Thailand Football – Udon Thani v Sakon Nakhon
My London to Bangkok flight arrived early Saturday morning and by 12 noon my suitcase and I, plus 22 hours of mental travel baggage had arrived in Udon Thani. Four hours later I was sat on the cool concrete steps of Udon Thani’s Institute of Physical Education Football Stadium waiting for the start of the Northeast Giants final home game of the season against Sakon Nakhon. It was a Northeast Division One league match between two mid table teams with little to play for other than pride. Nonetheless I’d been looking forward to the event for weeks.
I arrived at the ground thirty minutes before kick off with my pre-match drinks swirling around my ageing bladder forcing me to make the kind of decision which many tourists around the world face everyday. Which toilet do you use when the signs on both are in a language you cannot understand?
My choice was an easy one. I’m right-handed, right-footed and never right. Easy. When I came back out three minutes later a Thai gentleman gave me a quizzical look and entered the other toilet on the left. Obviously he couldn’t read Thai either.
Minutes before the kick off the stadium’s tannoy boomed out the names of the two starting line-ups. Most of them were the kind of names which could snap a hardened sports journalist’s pencil, and have TV’s top football commentators thumbing through their newspapers for a day job. They were 22 unforgettable names which were very quickly forgotten.
The game itself was played out before a crowd of 300-400 enthusiastic fans who witnessed two teams with very contrasting styles. Udon Thani’s slicker but slower passing game often fell flat on the lumps and bumps of the playing surface, and their admirable efforts to play total football on the cigarette stubbed green baize was akin to giving a keyhole surgeon a spade and pitch fork to work with. Sakon Nakhon adopted a more defence minded game with their major weapon being fast counter attacks.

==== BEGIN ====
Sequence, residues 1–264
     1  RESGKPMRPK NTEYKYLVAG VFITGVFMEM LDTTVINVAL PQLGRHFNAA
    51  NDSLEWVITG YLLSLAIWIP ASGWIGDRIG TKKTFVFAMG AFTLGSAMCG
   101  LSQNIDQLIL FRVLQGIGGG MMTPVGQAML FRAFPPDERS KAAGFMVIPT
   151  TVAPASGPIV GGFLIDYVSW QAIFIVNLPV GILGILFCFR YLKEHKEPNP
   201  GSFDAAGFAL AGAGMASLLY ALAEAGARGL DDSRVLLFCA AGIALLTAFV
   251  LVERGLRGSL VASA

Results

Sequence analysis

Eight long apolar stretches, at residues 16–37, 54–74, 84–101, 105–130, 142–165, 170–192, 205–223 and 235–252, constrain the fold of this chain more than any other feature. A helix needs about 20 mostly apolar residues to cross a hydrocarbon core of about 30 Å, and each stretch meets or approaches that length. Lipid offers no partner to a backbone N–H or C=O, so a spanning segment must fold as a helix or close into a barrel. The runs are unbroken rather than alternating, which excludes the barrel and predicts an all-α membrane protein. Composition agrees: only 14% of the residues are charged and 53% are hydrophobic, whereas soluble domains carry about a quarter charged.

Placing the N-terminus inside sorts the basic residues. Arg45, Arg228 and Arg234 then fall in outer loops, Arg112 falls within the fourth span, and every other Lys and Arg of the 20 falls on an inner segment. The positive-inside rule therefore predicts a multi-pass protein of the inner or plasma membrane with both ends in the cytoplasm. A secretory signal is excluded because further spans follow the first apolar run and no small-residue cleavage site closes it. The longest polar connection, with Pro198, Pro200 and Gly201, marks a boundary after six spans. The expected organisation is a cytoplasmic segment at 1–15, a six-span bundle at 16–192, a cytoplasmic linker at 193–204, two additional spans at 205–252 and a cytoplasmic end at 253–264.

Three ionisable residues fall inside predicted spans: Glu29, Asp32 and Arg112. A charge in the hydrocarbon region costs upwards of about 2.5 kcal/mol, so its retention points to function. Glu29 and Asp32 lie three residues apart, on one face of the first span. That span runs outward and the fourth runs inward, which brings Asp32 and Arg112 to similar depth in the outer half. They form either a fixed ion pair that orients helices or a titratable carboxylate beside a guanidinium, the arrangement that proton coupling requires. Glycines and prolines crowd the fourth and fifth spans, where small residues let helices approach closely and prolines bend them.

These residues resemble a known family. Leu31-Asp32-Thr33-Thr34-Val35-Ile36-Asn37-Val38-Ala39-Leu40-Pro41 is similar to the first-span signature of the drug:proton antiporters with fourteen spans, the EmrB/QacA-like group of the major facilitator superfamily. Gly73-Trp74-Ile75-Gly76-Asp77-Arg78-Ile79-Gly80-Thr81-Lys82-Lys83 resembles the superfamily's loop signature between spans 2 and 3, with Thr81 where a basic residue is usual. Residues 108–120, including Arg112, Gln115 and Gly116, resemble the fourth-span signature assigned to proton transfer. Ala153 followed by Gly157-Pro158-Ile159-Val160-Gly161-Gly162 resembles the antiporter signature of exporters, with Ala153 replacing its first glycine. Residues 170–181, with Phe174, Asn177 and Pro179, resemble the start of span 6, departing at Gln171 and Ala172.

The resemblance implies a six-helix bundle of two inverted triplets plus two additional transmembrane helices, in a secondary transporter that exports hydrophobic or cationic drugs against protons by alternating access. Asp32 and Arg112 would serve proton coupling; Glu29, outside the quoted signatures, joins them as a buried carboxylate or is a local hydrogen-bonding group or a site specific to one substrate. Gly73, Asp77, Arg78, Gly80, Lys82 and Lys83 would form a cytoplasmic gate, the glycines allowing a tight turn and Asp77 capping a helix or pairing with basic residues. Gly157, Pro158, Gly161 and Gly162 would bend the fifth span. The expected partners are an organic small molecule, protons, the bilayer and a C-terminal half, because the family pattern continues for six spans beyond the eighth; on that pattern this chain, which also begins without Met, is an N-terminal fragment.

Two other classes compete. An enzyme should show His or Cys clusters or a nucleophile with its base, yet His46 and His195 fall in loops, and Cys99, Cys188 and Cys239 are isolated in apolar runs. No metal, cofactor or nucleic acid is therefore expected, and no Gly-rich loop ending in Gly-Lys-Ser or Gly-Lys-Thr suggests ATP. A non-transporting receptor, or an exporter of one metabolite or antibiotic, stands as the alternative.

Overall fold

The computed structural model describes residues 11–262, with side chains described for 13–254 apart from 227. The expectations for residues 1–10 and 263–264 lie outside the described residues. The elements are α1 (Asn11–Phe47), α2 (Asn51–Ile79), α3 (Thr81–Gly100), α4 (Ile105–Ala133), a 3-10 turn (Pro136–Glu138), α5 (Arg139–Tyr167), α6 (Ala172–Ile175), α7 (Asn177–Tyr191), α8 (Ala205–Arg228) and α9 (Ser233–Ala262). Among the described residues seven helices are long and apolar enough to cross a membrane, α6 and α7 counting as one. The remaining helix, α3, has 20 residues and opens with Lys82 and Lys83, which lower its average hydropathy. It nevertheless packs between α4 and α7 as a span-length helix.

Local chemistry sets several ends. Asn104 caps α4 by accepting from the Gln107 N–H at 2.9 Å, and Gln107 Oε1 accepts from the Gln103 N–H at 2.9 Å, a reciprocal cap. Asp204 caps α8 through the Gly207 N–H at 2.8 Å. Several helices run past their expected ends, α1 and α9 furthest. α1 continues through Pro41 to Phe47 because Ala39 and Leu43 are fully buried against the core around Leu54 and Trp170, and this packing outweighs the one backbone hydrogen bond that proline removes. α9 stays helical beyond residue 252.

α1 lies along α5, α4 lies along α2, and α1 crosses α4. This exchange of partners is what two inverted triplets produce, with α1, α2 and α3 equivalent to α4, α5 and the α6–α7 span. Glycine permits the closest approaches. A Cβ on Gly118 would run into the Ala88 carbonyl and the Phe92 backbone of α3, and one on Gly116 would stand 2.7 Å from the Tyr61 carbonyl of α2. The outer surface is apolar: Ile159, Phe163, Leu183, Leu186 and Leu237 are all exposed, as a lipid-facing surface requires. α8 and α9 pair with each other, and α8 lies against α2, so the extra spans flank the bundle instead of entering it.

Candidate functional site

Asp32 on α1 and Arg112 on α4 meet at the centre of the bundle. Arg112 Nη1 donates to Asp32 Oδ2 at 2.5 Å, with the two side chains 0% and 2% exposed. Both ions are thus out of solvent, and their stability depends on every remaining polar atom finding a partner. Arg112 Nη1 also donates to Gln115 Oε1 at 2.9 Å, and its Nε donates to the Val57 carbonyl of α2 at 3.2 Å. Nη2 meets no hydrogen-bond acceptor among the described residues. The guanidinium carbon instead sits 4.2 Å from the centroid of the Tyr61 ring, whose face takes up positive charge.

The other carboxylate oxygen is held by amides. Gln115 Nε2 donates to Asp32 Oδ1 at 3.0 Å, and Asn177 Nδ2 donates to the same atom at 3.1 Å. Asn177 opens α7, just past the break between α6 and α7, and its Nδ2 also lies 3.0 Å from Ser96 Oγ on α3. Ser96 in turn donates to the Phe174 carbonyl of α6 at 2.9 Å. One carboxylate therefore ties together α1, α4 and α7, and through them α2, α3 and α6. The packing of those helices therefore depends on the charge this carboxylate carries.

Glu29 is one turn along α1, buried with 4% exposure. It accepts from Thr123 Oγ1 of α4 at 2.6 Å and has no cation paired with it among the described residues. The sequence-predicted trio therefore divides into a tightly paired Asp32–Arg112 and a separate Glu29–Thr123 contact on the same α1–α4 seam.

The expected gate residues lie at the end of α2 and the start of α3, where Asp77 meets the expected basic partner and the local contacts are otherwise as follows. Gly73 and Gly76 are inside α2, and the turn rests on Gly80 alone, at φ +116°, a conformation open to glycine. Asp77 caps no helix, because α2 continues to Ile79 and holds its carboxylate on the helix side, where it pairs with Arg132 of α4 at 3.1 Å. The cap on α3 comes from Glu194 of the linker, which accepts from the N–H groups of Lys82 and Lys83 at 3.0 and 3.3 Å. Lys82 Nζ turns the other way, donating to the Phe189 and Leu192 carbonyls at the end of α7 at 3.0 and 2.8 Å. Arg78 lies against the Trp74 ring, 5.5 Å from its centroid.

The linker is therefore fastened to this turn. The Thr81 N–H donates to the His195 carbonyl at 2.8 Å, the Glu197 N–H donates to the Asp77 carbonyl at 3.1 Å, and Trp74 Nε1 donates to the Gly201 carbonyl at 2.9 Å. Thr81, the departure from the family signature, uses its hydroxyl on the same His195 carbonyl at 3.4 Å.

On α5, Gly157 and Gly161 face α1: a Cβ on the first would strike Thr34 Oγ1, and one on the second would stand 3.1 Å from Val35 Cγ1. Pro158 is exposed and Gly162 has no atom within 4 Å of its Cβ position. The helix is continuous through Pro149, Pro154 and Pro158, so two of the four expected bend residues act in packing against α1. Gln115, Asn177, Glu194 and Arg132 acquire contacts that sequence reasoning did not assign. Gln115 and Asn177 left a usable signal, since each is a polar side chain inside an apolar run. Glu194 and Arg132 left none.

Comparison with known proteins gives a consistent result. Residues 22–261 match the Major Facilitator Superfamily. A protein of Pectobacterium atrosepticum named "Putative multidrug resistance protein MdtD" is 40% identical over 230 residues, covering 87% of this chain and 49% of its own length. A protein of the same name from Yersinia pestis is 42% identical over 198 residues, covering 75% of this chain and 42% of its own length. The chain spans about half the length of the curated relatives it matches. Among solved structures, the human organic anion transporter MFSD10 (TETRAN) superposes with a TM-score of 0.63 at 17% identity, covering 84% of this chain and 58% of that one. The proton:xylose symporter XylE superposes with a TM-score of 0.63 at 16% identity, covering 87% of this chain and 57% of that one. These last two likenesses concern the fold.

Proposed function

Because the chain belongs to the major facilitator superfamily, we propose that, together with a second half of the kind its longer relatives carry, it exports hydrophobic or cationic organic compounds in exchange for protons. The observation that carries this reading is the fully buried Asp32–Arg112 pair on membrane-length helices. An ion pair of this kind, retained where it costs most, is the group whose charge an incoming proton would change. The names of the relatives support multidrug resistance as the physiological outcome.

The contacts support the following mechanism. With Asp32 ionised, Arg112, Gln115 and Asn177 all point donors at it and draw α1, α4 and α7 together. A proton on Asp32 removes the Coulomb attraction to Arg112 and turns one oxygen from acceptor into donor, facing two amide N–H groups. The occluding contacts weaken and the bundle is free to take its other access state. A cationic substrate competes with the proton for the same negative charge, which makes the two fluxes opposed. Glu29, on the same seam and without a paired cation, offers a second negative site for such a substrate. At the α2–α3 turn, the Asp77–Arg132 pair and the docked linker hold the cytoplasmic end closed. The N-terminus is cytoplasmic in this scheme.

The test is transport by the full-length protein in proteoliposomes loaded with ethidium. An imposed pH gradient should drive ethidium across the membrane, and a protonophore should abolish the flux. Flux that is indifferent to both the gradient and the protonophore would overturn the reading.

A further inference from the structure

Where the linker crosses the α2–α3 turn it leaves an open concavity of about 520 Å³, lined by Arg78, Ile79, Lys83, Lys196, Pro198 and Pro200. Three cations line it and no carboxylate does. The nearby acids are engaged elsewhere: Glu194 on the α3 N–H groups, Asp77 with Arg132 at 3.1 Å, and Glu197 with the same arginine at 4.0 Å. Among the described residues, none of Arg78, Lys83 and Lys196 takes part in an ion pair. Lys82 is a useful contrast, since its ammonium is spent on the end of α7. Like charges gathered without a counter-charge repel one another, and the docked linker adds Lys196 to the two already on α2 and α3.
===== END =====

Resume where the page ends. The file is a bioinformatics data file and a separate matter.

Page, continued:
Udon Thani had the lion’s share of possession in the first half but their neater football failed to produce many goal scoring opportunities. Sakon Nakhon hit on the counter but they too lacked a real punch up front. The first 45 minutes ended goalless with the major entertainment coming from the main stand courtesy of Udon Thani’s very vocal self-appointed cheerleader.
Dressed in the headgear of the Northeast Giants club badge the loud and proud cheerleader (pictured above with orange cone) kept the home crowd amused with a constant stream of songs. Two youths accompanied him by banging away on drums and a kind of homemade kazoo.
The game came to life ten minutes into the second half when a Sakon Nakhon counter attack ended with a right-wing cross being swept past Udon Thani’s keeper to give the visitors a one goal lead. Their small band of travelling supporters dutifully celebrated. Udon Thani now needed a touch of inspiration to level the game or a traffic cone with mega decibels.
Udon Thani’s response to going a goal behind was to inject more spirit and haste into their game but despite a few close calls Sakon Nakhon hung on until only two minutes remained on the clock. A looping right-wing cross was met by the rising head of a Northeast Giant and the ball sailed past the Sakon Nakhon goalkeeper to hit the back of the net. Udon Thani’s main stand erupted in a gigantic roar and drums banged and boomed to the cheerleader’s chants of ‘Udon Udon’.
The orange clad Northeast Giants pressed for the winner in added time but the referree’s whistle signalled the end of the game with the score 1-1.
My apologies for omitting players names from this report but my pencil broke just minutes before the kick off.
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